The Durga quartet

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The Durga quartet

Monday, 19 October 2020 | Uma Nair

The Durga quartet

Artist Dipto Narayan Chattopadhyay’s dramatic Durga image captures the decisive moment in the narrative of the deity, who is an eclectic mix of the cosmic and the contemporary. By Uma Nair

Durga, also known as Devi or Shakti, is more than the symbol you see in pandals. This warrior goddess, atop her vahana or a lion, often carrying weapons, is seen as a manifestation of Mahishasuramardini, slayer of the shape-shifting buffalo demon Mahishasura. But there are many identities and emotions that she embodies, making her a complex and enriching version of feminity. It is her many facets that artist Dipto Narayan Chattopdhyay has captured over the years but he discusses four for Vivacity.

Durga 1

Dipto’s first Durga created in 2008 is a hybrid study of Mahishasur Mardini. “I created it in mixed media on board (In my technique layer upon layer colour, wastage paper and waste polythene carry bags),” says the artist. He chose to depart from convention and create a contemporary Durga which he exemplified in  his own expressive, evanescent as well as delicately sculptural style. This image reveals the honesty and the elegant essence of his forms. He uses reductive geometry to maintain purity of form.

Durga 2

His second Durga is again a mixed media on board created in the year 2005. “This painting is in the collection of H.E. Traian Basescu (the former president of Romania),” says Dipto, who gave us a metallic relief flavour as he particularly balanced and beautifully carved her many arms and torso that convey both strength and suppleness. The metallic tint of an alloy itself has a glow to it even now and the carving is executed with the minute detail and fine modelling that are typical of the period. Everything from her jewellery to her finely chiselled eyes is precisely articulated.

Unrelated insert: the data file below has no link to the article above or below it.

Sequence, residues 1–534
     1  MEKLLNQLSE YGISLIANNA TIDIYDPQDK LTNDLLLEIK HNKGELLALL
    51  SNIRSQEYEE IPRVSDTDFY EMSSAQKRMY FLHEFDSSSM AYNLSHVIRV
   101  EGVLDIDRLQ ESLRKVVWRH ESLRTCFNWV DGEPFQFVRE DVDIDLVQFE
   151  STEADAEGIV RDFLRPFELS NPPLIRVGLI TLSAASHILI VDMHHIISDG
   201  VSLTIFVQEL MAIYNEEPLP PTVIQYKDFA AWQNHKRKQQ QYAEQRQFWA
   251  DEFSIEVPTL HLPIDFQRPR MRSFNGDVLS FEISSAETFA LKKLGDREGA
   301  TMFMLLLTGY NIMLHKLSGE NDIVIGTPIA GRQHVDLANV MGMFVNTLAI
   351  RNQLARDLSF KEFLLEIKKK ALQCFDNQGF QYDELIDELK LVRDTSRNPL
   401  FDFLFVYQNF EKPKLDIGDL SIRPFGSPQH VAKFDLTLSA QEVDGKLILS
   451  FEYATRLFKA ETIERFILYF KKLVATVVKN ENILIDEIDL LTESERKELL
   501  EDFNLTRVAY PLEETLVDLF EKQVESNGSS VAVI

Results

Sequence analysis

Durga 3

Dipto’s third Durga is again a sculptural entity which he calls trash to treasure. “This is an example of art from recycled materials,” he explains. “I use recycled or reused objects to make alluring pieces of contemporary art and design and literally turn everyday trash into creative treasures... during last Navratri and Durga puja one of my demonstrations to my interior designing students was how to turn waste materials into precious art and design. I feel simultaneously they should learn the application of the seven elements of design, which are line, shape, space, value, form, texture and colour.” Durga here is seen standing on the head of the buffalo atop a flower. The figure of the demon is also rather whimsical, with his vivid expression and animated head. It’s rare to come across a sculptural Durga whose image is so lively and in which every element is treated with such skill and attention.

Durga 4

The artist’s last Durga is beauty condensed in contemporary choreography. Durga here is such a small, pretty and fragmentary entity. At one level, we may imagine that he is demonstrating this carefully modelled Durga with an embellished body of colours and contours. It is both  fragile as well as foundational in energy, tone and spiritual fervour. Her face and her ornate dress perfectly capture her renewing prowess. It’s almost as if Durga is in the essence of things. The subject is the articulation of the spiritual glow, the depth of truth that comes from mythic history.

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